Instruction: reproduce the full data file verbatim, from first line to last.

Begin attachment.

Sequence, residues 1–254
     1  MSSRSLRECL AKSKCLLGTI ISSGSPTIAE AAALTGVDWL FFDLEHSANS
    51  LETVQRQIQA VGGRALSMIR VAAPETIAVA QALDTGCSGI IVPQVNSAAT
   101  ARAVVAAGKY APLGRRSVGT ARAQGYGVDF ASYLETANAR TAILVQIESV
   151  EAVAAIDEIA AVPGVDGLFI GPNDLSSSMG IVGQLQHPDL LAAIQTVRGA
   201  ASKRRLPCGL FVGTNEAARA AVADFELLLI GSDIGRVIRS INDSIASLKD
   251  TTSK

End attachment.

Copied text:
Sequence, residues 1–254
     1  MSSRSLRECL AKSKCLLGTI ISSGSPTIAE AAALTGVDWL FFDLEHSANS
    51  LETVQRQIQA VGGRALSMIR VAAPETIAVA QALDTGCSGI IVPQVNSAAT
   101  ARAVVAAGKY APLGRRSVGT ARAQGYGVDF ASYLETANAR TAILVQIESV
   151  EAVAAIDEIA AVPGVDGLFI GPNDLSSSMG IVGQLQHPDL LAAIQTVRGA
   201  ASKRRLPCGL FVGTNEAARA AVADFELLLI GSDIGRVIRS INDSIASLKD
   251  TTSK